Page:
Imagine putting 100 of your favorite movies on one DVD.
That's what a radical breakthrough in optical-storage technology promises, according to a report in the New York Times.
General Electric researchers working at a lab in upstate New York have figured out the proper combination of materials necessary for the Holy Grail of data storage — holographic "reading" and "writing."
Ordinary-looking 5-inch discs made with this method might be able to store up to 500 gigabytes of data — more than most computers' hard drives.
CDs, DVDs and Blu-ray Discs essentially use only one dimension: Microscopic pits, and spaces without pits, representing data are arranged in a very long linear track that spirals around the center of a flat disc. A laser reads each pit and space, one after the other, and reassembles the data accordingly.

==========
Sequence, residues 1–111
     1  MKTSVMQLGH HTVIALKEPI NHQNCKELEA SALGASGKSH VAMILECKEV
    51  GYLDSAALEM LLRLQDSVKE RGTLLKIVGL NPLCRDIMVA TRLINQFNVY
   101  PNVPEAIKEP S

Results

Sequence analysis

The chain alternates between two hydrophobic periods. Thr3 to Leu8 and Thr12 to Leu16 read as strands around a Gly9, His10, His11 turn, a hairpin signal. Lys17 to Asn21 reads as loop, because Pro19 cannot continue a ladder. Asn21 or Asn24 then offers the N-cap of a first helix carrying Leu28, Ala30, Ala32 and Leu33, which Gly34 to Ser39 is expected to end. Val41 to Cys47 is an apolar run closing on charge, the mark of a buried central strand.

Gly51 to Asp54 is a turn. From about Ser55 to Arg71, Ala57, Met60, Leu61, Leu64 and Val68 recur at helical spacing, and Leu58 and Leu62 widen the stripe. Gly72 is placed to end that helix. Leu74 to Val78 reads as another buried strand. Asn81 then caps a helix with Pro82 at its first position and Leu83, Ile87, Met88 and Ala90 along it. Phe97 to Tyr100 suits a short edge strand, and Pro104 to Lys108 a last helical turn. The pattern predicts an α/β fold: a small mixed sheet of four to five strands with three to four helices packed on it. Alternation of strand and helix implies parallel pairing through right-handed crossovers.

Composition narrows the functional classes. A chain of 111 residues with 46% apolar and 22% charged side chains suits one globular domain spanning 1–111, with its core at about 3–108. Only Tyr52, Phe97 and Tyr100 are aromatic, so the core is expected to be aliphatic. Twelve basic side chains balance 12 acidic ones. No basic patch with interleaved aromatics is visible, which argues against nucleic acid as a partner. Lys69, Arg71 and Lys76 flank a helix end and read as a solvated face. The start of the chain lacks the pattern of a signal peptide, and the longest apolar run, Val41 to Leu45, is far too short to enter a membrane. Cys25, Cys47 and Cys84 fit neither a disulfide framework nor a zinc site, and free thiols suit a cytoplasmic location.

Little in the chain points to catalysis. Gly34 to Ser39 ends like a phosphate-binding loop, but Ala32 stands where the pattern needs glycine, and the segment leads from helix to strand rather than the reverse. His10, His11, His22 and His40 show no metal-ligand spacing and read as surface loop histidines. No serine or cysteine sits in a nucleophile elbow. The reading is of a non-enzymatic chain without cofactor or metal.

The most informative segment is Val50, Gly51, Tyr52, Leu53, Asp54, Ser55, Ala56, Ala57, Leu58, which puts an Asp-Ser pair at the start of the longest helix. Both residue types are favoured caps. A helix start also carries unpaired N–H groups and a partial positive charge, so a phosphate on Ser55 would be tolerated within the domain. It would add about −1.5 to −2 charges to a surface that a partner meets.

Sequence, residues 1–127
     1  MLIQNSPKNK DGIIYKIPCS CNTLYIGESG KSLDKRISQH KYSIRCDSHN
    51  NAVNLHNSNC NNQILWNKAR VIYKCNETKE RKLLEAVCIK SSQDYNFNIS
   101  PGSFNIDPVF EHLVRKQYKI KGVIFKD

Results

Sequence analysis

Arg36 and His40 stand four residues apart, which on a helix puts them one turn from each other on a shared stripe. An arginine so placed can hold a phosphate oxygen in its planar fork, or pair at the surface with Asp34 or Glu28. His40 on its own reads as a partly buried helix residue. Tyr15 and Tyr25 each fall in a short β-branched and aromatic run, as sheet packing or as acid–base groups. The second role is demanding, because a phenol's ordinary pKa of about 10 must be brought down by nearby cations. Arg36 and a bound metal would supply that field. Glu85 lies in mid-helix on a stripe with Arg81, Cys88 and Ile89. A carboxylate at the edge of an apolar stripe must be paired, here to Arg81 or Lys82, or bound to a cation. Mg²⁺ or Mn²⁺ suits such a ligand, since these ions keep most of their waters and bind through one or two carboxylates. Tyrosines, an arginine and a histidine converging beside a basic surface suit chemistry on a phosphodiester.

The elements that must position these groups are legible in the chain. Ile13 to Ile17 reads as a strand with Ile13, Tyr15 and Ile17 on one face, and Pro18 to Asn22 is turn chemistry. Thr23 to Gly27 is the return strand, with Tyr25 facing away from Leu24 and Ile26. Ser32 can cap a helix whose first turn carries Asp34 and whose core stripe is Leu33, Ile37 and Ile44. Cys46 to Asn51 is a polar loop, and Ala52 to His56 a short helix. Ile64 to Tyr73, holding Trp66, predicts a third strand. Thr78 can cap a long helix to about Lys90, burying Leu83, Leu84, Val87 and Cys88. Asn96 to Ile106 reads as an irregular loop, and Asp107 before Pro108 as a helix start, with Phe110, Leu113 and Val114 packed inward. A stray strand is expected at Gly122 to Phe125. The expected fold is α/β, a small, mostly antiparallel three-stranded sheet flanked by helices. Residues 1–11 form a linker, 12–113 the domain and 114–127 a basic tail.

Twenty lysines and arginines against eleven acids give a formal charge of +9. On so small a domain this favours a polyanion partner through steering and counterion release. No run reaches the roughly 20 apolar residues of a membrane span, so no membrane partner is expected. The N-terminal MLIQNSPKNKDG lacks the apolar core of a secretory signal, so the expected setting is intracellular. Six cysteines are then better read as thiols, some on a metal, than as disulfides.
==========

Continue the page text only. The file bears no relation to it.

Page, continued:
GE's holographic data storage adds two more dimensions to the information. Three-dimensional holograms, albeit very tiny ones, are placed in a disc's linear track.
The difficulty was getting the right combination of materials that were reflective enough to be "read" by a low-power laser, a combination that the GE researchers now say they've found.
"This could be the next generation of low-cost storage," Envisioneering analyst Richard Doherty told the Times.